Myanmar is the world’s fastest-growing economy, according to the IMF’s latest World Economic Outlook. The country’s GDP is projected to grow by 8.6% this year.

Political and economic reforms, which have made headlines around the world, have supported this economic growth. Increased consumer and investor confidence, and rising exports, have boosted the economy, argues the World Bank. However, inequality and poverty remain a significant problem across the country.

This is true for many of the world’s fast-expanding economies, which are typically not the biggest or most developed.

 Real GDP growth 2016
Image: IMF

This map from the IMF explores the situation around the world. It highlights the rapid growth being experienced across much of Asia and Africa. The Ivory Coast follows Myanmar in second place, with projected GDP growth of 8.5% this year. Third on the list is Bhutan, with 8.4%.

Other countries predicted to return high growth figures include India, Laos and Tanzania. An interactive version of the map, showing growth from 1980 to 2021 can be found online.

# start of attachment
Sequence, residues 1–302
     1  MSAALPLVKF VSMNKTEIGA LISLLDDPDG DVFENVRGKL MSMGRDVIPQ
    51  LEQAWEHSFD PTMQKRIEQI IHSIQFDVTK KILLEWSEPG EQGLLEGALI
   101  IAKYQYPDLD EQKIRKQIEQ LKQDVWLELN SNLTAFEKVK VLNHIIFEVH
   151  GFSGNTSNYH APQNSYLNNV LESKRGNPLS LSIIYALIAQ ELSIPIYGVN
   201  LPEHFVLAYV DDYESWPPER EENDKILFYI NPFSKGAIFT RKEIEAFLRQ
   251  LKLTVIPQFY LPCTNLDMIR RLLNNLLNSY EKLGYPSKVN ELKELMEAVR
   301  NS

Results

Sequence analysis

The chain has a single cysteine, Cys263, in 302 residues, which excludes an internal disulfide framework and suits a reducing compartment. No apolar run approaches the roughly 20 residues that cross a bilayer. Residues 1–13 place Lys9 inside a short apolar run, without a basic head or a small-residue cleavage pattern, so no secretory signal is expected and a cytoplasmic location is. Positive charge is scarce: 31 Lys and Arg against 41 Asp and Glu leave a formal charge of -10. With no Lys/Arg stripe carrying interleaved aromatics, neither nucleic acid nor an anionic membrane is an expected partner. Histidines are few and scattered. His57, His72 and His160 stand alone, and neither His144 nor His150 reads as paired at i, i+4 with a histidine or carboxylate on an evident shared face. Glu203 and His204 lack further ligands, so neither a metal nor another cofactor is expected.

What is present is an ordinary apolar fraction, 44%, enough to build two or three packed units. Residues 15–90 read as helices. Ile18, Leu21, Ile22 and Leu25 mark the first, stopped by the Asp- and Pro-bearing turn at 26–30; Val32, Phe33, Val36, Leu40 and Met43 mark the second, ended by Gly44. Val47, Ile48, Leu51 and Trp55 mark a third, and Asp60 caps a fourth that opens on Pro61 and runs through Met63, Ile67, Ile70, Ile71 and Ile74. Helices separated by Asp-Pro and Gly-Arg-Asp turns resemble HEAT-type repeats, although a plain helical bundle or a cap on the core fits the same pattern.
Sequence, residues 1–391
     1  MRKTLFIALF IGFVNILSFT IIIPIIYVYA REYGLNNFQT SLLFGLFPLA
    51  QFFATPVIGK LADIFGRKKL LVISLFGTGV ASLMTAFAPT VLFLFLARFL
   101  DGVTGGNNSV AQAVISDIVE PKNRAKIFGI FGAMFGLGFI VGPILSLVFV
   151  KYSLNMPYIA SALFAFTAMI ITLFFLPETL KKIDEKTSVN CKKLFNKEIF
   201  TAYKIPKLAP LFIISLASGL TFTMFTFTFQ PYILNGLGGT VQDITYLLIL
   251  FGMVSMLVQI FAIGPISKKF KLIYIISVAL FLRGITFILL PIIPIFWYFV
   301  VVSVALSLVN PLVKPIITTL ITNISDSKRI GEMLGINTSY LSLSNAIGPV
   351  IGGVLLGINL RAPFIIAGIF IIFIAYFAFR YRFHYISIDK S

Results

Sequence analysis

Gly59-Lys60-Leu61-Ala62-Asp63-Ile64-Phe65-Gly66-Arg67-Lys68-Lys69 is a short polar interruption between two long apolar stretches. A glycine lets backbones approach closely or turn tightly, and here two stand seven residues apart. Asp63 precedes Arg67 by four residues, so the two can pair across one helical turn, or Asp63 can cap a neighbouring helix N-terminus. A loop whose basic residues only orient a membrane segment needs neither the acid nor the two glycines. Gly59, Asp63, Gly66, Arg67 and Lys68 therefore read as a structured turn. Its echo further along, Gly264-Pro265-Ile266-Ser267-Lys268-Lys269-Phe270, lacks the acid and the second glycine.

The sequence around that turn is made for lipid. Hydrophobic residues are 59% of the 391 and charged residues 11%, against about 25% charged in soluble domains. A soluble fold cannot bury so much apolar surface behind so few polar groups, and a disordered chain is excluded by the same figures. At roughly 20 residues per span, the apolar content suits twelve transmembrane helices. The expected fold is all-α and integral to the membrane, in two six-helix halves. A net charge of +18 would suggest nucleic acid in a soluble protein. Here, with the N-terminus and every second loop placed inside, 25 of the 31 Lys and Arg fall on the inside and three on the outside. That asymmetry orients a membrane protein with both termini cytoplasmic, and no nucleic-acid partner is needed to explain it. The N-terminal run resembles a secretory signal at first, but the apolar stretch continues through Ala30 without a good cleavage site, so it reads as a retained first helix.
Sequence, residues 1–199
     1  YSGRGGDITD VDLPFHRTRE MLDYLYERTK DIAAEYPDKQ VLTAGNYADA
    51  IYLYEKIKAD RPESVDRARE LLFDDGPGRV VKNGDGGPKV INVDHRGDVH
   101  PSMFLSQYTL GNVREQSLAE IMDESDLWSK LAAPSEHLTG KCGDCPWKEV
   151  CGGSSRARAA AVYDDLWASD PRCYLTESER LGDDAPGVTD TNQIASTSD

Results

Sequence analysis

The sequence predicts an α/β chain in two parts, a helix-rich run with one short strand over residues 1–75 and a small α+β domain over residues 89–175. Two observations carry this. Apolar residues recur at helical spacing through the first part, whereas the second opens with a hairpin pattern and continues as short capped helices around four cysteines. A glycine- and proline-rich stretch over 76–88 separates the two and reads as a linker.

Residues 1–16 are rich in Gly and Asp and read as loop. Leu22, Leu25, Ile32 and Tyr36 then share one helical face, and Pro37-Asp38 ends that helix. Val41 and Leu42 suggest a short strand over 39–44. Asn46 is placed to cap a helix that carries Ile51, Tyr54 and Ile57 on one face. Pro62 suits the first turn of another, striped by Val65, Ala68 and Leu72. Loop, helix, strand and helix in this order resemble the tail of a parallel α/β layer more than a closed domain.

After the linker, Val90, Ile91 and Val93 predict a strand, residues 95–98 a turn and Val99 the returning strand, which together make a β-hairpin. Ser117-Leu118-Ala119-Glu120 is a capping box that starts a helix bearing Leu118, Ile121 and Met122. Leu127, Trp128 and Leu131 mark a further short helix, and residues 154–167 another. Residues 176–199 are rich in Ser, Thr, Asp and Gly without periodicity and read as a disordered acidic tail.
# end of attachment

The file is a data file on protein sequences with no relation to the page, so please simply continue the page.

These are the world's fastest-growing economies

What about advanced economies and emerging markets?

Growth of around 2% is projected across advanced economies this year and next. Japan is an exception to this, with April’s projection predicting growth of less than 1% this year and negative growth next year. Across the board, predictions have been lowered since January 2016.

Emerging markets are still expected to see strong growth, driven by India with over 7% and China with more than 6%. This despite China’s much publicized slowdown and economic transition. Indeed, the latest projections for China are an increase on January’s IMF figures.

The outlook this year is for negative growth in Russia and Brazil, but this situation is expected to improve in 2017.

 Global growth forecast
Image: Reuters

Beyond GDP

At the World Economic Forum’s Annual Meeting this year, three leading economists argued that we should be looking beyond GDP as a measure of progress. Christine Lagarde, Joseph Stiglitz and Professor Erik Brynjolfsson all suggested that a changing world requires a change in how we assess progress.

 GDP is not a good measure of economic performance, it's not a good measure of well-being

Although GDP forecasts offer a useful insight into economic performance around the world, there are increasing calls for other factors to be included, such as well-being and quality of life. A. Michael Spence and Sir Charles Bean have also argued for new measures.